Urinary Tract Infections and How to Prevent Them

October 21, 2015


If you’ve ever had a Urinary Tract Infection (more commonly known as a UTI) you’re well aware of how uncomfortable they can be and are probably willing to do whatever it takes to avoid another one. However, in order to avoid a UTI, you must understand what it is. (Not really, but it’s good to be informed!)

UTIs are infections that occur along the urinary tract, which includes the kidneys, ureters, and bladder. Typically, we use the term UTI to describe a bladder infection. If the infection has migrated to the kidney it is called pyelonephritis. Some common symptoms of a simple UTI are burning with urination, having the frequent or urgent need to void, abdominal pain, and blood in the urine. Fevers, chills, nausea, and back pain added to the above symptoms indicate a kidney infection and should be promptly addressed. Most UTIs are treated with a simple course of oral antibiotics. There are certain situations and populations in which UTIs are more complicated requiring hospital stay or IV antibiotics.

The best way to avoid UTIs and any complications is to prevent them from happening in the first place. Here are a few risk factors for UTIs and ways you can lower your risk of getting an infection.

What are some UTI risk factors?

  • Female gender – Due to the female pelvic anatomy, UTIs are much more common in women than men because of the short distance from the urethra to the rectum. E.coli, which normally lives in the colon, can be transferred to the bladder easily this way.
  • Baths/pools/lakes – Submersion in water can set you up for UTIs – especially in the summer when most people stay at the lake or pool for several hours a day in wet bottoms.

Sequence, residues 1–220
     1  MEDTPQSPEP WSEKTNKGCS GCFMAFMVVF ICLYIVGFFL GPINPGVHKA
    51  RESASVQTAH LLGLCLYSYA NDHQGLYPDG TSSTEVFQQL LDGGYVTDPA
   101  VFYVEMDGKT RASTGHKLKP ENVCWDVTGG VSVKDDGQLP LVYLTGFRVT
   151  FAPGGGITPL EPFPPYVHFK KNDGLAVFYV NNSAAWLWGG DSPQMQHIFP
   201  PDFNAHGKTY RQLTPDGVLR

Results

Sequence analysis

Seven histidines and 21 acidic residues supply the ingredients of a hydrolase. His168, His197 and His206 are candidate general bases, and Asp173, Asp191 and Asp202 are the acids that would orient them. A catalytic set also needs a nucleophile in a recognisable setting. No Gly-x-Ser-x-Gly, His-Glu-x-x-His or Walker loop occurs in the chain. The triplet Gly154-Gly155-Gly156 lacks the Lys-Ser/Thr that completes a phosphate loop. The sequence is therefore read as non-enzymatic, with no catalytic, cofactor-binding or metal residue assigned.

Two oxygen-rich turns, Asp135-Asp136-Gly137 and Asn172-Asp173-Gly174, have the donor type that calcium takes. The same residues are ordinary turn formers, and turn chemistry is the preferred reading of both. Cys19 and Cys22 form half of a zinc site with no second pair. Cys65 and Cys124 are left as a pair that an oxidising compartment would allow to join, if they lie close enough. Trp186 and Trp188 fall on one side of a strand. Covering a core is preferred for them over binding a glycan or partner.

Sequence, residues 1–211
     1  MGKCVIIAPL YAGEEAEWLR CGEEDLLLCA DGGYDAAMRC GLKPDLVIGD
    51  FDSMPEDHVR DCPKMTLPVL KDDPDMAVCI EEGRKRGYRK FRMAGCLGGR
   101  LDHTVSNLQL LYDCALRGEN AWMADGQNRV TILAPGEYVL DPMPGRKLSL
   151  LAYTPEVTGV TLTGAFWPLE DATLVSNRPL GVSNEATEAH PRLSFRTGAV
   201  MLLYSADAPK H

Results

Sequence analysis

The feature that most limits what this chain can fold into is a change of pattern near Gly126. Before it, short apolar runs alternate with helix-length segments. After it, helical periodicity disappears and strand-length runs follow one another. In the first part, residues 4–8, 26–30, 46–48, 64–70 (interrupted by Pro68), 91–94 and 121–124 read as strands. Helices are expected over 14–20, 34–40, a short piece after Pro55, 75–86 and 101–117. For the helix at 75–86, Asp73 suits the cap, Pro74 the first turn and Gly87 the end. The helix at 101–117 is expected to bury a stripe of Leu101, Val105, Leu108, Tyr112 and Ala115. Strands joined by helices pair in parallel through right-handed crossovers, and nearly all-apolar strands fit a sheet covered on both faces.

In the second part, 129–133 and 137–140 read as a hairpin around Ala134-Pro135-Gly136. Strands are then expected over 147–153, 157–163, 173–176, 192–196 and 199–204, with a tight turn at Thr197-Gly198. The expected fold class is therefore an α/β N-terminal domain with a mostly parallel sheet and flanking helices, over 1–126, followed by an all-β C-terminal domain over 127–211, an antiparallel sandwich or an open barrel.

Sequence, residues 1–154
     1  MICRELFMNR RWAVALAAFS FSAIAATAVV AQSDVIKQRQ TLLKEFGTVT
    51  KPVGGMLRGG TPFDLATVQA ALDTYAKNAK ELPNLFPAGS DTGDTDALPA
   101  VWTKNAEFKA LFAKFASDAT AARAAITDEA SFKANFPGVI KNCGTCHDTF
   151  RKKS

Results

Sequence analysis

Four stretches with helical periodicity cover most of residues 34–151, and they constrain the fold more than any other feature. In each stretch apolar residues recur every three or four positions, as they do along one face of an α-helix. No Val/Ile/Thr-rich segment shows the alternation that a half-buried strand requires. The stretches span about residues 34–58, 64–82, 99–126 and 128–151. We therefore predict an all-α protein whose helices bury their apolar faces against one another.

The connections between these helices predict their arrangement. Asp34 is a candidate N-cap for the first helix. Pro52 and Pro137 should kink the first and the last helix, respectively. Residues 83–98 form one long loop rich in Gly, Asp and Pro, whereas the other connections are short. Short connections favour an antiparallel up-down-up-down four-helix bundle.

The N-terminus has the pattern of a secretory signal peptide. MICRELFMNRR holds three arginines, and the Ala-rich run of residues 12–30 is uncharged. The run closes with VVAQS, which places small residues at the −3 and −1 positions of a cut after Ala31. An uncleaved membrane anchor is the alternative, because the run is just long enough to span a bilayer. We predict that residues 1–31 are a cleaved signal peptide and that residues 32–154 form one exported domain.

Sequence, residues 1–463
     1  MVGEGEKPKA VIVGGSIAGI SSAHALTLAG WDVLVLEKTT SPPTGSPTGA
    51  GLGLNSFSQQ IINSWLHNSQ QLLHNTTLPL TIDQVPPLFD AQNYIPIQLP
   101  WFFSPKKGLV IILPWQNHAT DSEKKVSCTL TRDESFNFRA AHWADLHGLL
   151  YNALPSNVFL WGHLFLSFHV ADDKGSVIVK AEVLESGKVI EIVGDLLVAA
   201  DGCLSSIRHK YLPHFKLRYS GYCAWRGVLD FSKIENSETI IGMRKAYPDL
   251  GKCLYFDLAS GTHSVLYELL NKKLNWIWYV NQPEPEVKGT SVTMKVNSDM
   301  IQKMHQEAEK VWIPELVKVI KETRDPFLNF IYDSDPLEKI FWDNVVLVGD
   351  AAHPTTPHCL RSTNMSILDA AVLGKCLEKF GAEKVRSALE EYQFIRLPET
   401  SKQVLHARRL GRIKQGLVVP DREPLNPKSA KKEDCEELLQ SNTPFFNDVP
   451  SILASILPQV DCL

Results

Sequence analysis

• Urinary incontinence – Incontinence or leakage of urine into a pad or underwear can cause bacteria to easily enter the bladder.
  • Constipation – When the stool sits in the colon and at the rectum it not only has a shorter distance to travel to the urethra, but also causes impaired emptying of the bladder.
  • Other factors – Postmenopausal women, catheterization, sexual intercourse, immunosuppression, and prostate enlargement in men can all contribute to UTIs. 

How do I prevent UTIs?

  • Use the restroom frequently – Don’t hold your urine for long periods of time, void when you have the urge to go (usually this is every 3-4 hours for most people).
  • Stay hydrated – We recommended drinking about 6-8 glasses of water per day.
  • Take daily supplements – Cranberry, D-mannose and probiotics keep your bladder lining healthy and prevent bacteria from “sticking.”
  • Urinate before and after intercourse
  • Wipe wisely – Wipe from front to back following a bowel movement (urethra to rectum).
  • Beware underwear – Avoid very tight fitting or thong underwear.
  • Stay dry – If you use pads or briefs for urinary leakage, be sure to change out immediately if soiled. Decrease pad usage by doing timed voids every 2-3 hours.
  • Eat fiber – Daily fiber to prevents constipation.
  • Avoid vaginal wipes and washes – The vagina should only be cleaned with water and patted dry.
  • Get out of the water – Avoid excessive use of baths, pools, hot tubs, and lakes. It is also good to shower beforehand and change out of wet bottoms.
  • Listen to your doctor – Post-menopausal women that experience may be more prone to UTIs. Local vaginal estrogen helps to keep the vaginal and urethral tissues healthy, and prevent bacteria from entering.